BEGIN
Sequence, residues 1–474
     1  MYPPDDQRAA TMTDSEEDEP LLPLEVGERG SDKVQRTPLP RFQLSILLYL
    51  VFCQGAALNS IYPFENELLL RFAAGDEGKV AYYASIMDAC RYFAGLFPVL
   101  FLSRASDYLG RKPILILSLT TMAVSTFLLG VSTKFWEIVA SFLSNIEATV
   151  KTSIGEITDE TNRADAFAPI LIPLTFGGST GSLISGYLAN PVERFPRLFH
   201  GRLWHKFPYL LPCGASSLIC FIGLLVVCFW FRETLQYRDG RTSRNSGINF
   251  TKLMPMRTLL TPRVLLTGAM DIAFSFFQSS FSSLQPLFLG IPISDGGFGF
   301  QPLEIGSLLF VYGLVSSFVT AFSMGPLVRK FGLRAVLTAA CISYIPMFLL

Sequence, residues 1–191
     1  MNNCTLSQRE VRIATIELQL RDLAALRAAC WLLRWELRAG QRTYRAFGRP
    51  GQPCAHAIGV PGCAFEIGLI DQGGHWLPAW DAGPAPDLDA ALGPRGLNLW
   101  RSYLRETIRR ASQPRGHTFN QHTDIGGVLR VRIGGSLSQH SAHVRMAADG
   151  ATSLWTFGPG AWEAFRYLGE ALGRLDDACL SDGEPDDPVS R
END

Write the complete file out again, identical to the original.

Sequence, residues 1–474
     1  MYPPDDQRAA TMTDSEEDEP LLPLEVGERG SDKVQRTPLP RFQLSILLYL
    51  VFCQGAALNS IYPFENELLL RFAAGDEGKV AYYASIMDAC RYFAGLFPVL
   101  FLSRASDYLG RKPILILSLT TMAVSTFLLG VSTKFWEIVA SFLSNIEATV
   151  KTSIGEITDE TNRADAFAPI LIPLTFGGST GSLISGYLAN PVERFPRLFH
   201  GRLWHKFPYL LPCGASSLIC FIGLLVVCFW FRETLQYRDG RTSRNSGINF
   251  TKLMPMRTLL TPRVLLTGAM DIAFSFFQSS FSSLQPLFLG IPISDGGFGF
   301  QPLEIGSLLF VYGLVSSFVT AFSMGPLVRK FGLRAVLTAA CISYIPMFLL

Sequence, residues 1–191
     1  MNNCTLSQRE VRIATIELQL RDLAALRAAC WLLRWELRAG QRTYRAFGRP
    51  GQPCAHAIGV PGCAFEIGLI DQGGHWLPAW DAGPAPDLDA ALGPRGLNLW
   101  RSYLRETIRR ASQPRGHTFN QHTDIGGVLR VRIGGSLSQH SAHVRMAADG
   151  ATSLWTFGPG AWEAFRYLGE ALGRLDDACL SDGEPDDPVS R